In this book, Olson takes you on a journey through history (mostly ancient up through the 1990's) of the political view and treatment of breast cancer. And I do mean political. Although Olson takes ... Read full review
Review: Bathsheba's Breast: Women, Cancer, and HistoryUser Review - Goodreads
This book was recommended soon after it was published at MD Anderson's library where I received my treatment for breast cancer. I highly recommend. The book is both well researched and written.
At the Breast: Ideologies of Breastfeeding and Motherhood in the ...
Linda M. Blum
Limited preview - 2000
Choices in Breast Cancer Treatment: Medical Specialists and Cancer Survivors ...
Kenneth D. Miller
No preview available - 2008
Unkindest Cut of All
William Stewart Halsted and the Radical Mastectomy
Superradicals and the Medicine of Multilation
Beauty and the Breast
Out of the Closet
Bathsheba’s Breast:Women, Cancer and History. By James S. Olson ...
Book Reviews. winter 2006 • volume 49, number 1. 147. Bathsheba’s Breast:Women, Cancer and History. By James S. Olson. Baltimore: Johns Hopkins Univ. ...
muse.jhu.edu/ journals/ perspectives_in_biology_and_medicine/ v049/ 49.1schwartz.pdf
JAMA -- Bathsheba's Breast: Women, Cancer and History, September ...
JAMA, the Journal of the American Medical Association, is a highly cited weekly medical journal that publishes peer-reviewed new medical research findings ...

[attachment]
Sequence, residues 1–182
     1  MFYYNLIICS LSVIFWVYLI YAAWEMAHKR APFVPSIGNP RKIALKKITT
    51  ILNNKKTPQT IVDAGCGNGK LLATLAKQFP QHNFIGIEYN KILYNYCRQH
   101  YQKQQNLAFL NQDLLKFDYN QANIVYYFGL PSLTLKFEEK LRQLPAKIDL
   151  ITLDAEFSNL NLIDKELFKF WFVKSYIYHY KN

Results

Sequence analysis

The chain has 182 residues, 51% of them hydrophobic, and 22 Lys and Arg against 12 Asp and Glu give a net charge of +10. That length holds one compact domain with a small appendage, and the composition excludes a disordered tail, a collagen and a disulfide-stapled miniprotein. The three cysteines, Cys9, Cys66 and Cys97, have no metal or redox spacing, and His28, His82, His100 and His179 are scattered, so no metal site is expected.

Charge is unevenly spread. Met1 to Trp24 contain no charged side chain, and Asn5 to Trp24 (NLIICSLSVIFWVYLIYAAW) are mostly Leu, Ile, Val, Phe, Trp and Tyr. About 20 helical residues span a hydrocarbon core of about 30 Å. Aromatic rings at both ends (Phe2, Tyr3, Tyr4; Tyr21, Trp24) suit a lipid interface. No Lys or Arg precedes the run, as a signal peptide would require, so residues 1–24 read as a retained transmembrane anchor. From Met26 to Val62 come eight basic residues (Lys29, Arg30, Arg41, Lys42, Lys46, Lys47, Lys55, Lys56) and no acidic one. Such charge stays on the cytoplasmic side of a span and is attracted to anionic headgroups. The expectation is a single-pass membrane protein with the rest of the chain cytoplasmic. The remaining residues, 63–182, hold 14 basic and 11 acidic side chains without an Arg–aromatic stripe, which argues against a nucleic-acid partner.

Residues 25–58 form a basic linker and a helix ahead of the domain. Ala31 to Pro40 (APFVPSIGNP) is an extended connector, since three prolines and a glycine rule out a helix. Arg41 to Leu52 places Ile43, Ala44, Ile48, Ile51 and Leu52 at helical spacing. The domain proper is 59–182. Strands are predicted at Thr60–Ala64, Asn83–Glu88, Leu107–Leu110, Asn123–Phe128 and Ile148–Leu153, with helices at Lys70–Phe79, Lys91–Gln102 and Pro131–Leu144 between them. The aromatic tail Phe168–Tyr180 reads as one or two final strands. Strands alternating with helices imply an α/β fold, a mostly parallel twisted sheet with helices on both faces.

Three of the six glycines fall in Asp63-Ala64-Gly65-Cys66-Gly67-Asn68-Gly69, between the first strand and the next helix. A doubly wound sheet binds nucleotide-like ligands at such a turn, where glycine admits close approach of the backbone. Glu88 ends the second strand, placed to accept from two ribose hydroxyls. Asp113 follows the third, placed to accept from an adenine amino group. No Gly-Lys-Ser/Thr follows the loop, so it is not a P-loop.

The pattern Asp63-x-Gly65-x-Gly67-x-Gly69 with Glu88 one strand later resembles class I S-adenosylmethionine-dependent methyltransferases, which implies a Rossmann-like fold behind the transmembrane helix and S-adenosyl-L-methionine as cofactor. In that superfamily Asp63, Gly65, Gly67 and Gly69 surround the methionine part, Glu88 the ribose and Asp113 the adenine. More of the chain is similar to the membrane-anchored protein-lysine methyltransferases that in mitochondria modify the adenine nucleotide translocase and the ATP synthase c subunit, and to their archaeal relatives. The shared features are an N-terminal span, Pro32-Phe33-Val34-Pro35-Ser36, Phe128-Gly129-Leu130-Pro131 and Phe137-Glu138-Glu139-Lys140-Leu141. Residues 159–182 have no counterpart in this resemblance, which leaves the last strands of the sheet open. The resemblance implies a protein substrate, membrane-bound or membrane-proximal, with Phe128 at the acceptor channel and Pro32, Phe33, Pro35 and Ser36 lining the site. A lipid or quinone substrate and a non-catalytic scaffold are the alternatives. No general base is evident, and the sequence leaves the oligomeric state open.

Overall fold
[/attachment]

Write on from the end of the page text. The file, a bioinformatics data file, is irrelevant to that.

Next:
jama.ama-assn.org/ cgi/ content/ full/ 288/ 11/ 1413
Bathsheba's Breast: Women, Cancer & History
Bathsheba's Breast: Women, Cancer & History. By James S. Olson (Baltimore: Johns Hopkins University Press, 2002. x plus 302 pp.). ...
Bathsheba's breast Women, cancer & history -- Mandell 115 (6 ...
This Article FREE, OPEN ACCESS. Right arrow, Full Text (PDF). Right arrow, Submit a response. Right arrow, Alert me when this article is cited. Right arrow ...
www.jci.org/ cgi/ content/ full/ 115/ 6/ 1397
Bathsheba's Breast: Women, Cancer & History | Journal of Social ...
Bathshebas Breast: Women, Cancer & History from Journal of Social History in Reference provided free by Find Articles
findarticles.com/ p/ articles/ mi_m2005/ is_3_37/ ai_n6003238
Bathsheba’s breast Women, cancer & history
pubmed articles by:. Mandell, J. J Clin Invest. 2005 June 1; 115(6): 1397. Copyright © 2005, American Society for Clinical Investigation ...
Book: Bathsheba's Breast: Women, Cancer and History
Book: Bathsheba's Breast: Women, Cancer and History, James S. Olson. Johns Hopkins University Press. 2002 Cancer is not a modern disease - like practically ...
www.getsolarcal.com/ articles/ book-bathshebas-breast-women-cancer-and-history/
ingentaconnect Bathsheba's Breast: Women, Cancer and History
Bathsheba's Breast: Women, Cancer and History. Author: Cantor, David. Source: Journal of the History of Medicine and Allied Sciences, Volume 59, Number 2, ...
www.ingentaconnect.com/ content/ oup/ jalsci/ 2004/ 00000059/ 00000002/ art00313;jsessionid=4hhji0gm5rj3c.alice?format=print
normblog: Writer's choice 27: Dina Rabinovitch
Writer's choice 27: Dina Rabinovitch. Dina Rabinovitch is the only journalist in the UK famous for her cholent recipe (which includes Persian mint, ...
normblog.typepad.com/ normblog/ 2005/ 12/ writers_choice_.html
On The Media: Transcript of "The Big C" (March 30, 2007)
Topics. TV & Radio · Movies · Music · Newspapers · The Internet · Elections · Covering The Capital · First Amendment · Iraq & Middle East...
www.onthemedia.org/ transcripts/ 2007/ 03/ 30/ 05